The 1965 Grand Prix of Mexico (and the movie "Grand Prix") turned out to be the high water mark for Honda as a manufacturer of a Formula One car. The 1967 and 1968 seasons were basically sub-contracted to John Surtees, who threw everything he (and Lola) had at the project to deliver a winning car, but with little to show for it, except for a stunning second (and the last Honda) victory in 1967 at Monza. In a thrilling finish, Surtees just edged out Jack Brabham by .02 seconds in a hybrid car that was developed with an assist from Lola and was dubbed the "Hondola." At the end of 1968, which had produced a succession of retirements, a second in France (where teammate Jo Schlesser crashed fatally), a third at Watkins Glen and a fifth at the always-favorable Mexican Grand Prix, Honda bowed out of Formula One (except as a successful supplier of engines to other teams), not to return until these thirty years later.

So Y2K should be an exciting year in Formula One, a virtual re-enactment of "Grand Prix", with the upstart Japanese team attempting to break the stranglehold of the Italian/English Powers That Be, exemplified by Ferrari on the one hand and the McLaren/Williams teams on the other. Honda's press releases seem to suggest that they have learned their lessons from their prior experiences, both initially in the all-Japanese Bucknum/Ginther era and latterly in the Surtees era (which was an Anglo/Japanese culture clash of sorts) and have come down on the side of the earlier era, when they made their own car, lock, stock and barrel. As Mr. Yoshino of Honda said to the group of reporters prior to Suzuka this year: "The challenge of engines is not just speed, but efficiency. I think working with an organization with a different culture would be difficult. So now we are choosing to go by ourselves."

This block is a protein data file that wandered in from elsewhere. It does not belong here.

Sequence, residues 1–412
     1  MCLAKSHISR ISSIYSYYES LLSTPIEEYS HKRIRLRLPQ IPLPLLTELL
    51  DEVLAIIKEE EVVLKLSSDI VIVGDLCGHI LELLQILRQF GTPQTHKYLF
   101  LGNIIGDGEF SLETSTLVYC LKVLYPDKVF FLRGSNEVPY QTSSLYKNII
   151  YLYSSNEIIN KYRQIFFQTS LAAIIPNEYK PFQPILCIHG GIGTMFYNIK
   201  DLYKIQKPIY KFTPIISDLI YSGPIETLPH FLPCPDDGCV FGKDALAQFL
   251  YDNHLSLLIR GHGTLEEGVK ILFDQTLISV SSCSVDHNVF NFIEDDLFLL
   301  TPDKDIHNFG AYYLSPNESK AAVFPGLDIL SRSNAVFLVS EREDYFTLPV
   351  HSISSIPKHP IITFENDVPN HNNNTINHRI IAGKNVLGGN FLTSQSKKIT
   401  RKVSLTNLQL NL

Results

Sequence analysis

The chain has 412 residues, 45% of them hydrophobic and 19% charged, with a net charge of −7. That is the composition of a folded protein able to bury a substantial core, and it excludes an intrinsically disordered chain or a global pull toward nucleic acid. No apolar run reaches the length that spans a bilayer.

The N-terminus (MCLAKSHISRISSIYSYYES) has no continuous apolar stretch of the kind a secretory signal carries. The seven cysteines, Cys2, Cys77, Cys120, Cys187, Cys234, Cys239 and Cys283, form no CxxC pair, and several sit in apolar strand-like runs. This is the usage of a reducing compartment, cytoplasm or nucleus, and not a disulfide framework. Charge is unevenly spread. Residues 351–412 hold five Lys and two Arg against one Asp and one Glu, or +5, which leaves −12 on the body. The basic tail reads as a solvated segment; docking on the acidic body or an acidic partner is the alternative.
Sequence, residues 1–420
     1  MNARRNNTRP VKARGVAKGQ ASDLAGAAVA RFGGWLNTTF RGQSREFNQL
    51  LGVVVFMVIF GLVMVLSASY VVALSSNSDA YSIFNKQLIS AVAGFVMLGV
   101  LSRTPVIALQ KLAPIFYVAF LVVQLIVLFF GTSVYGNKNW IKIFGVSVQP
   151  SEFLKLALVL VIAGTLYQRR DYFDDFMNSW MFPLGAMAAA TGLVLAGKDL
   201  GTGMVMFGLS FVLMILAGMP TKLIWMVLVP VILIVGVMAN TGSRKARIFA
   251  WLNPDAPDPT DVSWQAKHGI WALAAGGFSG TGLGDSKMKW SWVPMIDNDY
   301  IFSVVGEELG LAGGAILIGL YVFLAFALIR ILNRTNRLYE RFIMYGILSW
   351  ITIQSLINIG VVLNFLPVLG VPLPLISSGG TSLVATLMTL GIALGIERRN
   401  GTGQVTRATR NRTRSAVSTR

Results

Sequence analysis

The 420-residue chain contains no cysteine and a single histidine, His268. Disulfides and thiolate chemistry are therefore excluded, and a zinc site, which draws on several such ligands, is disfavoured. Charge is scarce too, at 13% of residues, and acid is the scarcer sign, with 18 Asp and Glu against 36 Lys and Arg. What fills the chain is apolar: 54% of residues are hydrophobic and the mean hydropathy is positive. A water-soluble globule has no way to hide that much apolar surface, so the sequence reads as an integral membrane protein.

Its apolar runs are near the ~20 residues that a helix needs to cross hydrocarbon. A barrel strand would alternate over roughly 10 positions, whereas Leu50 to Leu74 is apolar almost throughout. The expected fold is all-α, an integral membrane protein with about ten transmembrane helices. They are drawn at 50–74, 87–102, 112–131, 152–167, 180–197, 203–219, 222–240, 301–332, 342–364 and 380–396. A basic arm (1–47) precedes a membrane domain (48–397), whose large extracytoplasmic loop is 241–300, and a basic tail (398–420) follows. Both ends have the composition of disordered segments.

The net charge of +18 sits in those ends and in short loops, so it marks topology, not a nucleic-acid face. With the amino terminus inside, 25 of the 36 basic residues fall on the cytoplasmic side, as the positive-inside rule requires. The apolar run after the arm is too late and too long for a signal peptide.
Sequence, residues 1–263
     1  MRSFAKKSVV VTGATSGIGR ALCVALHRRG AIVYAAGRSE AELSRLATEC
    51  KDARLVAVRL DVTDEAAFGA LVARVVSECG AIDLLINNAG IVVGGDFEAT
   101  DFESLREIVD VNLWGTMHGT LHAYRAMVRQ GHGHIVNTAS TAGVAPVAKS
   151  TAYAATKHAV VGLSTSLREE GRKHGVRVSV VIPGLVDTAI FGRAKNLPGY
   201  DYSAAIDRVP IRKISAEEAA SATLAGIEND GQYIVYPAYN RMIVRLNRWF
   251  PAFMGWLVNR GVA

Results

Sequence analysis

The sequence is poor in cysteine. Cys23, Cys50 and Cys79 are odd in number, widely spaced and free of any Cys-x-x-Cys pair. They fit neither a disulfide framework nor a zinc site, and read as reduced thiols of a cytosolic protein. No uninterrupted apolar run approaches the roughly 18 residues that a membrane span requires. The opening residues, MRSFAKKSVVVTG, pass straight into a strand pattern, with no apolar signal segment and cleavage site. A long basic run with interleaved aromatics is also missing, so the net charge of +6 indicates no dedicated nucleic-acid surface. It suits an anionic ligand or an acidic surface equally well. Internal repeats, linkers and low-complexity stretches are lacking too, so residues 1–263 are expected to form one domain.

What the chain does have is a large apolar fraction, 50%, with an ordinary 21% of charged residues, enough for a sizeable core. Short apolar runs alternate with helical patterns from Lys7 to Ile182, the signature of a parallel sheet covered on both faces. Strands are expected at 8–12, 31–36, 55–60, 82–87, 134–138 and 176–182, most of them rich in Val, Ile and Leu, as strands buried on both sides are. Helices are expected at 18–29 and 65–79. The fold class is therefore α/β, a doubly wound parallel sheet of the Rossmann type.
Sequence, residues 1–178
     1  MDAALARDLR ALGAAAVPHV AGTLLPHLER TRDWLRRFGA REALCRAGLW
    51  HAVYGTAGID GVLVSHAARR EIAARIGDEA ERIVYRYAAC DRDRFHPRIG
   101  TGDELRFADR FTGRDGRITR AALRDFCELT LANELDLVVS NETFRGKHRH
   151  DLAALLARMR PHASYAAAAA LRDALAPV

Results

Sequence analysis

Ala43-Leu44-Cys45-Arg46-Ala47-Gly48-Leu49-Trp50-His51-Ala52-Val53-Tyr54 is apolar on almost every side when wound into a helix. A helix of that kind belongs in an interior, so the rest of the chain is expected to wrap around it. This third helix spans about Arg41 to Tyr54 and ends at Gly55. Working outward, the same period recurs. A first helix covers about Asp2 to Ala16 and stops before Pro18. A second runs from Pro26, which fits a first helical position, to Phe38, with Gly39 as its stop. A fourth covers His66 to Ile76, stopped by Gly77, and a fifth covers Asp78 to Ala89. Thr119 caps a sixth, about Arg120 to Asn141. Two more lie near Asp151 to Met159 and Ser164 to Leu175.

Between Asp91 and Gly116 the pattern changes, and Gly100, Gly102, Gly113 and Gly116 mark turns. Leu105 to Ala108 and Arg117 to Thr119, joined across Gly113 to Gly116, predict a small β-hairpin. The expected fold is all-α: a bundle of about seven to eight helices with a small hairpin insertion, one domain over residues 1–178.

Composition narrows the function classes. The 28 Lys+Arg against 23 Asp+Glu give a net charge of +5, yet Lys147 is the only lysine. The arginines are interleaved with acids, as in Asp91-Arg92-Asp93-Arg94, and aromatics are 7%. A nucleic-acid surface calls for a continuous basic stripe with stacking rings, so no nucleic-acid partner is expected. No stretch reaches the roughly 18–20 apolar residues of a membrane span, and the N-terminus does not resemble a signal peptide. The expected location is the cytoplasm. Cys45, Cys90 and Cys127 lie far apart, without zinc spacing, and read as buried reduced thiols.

Based upon their spectacular success as an engine supplier to Formula One in the early 1990's and to Indianapolis-type cars in the late 1990's, it is a safe bet that Honda has sufficient talent and resources to make sure that this time around, as in the movies, the White Car will win.


Thomas C. O'Keefe, Esq. 1998 Atlas Formula One Journal.
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Thomas C. O'Keefe is a lawyer who practices law in the U.S. Virgin Islands and in New York. He became captivated with Formula One and visiting race-tracks after watching Jimmy Clark cross the finish line to win the Indianapolis 500 in 1965 and following his F1 career thereafter.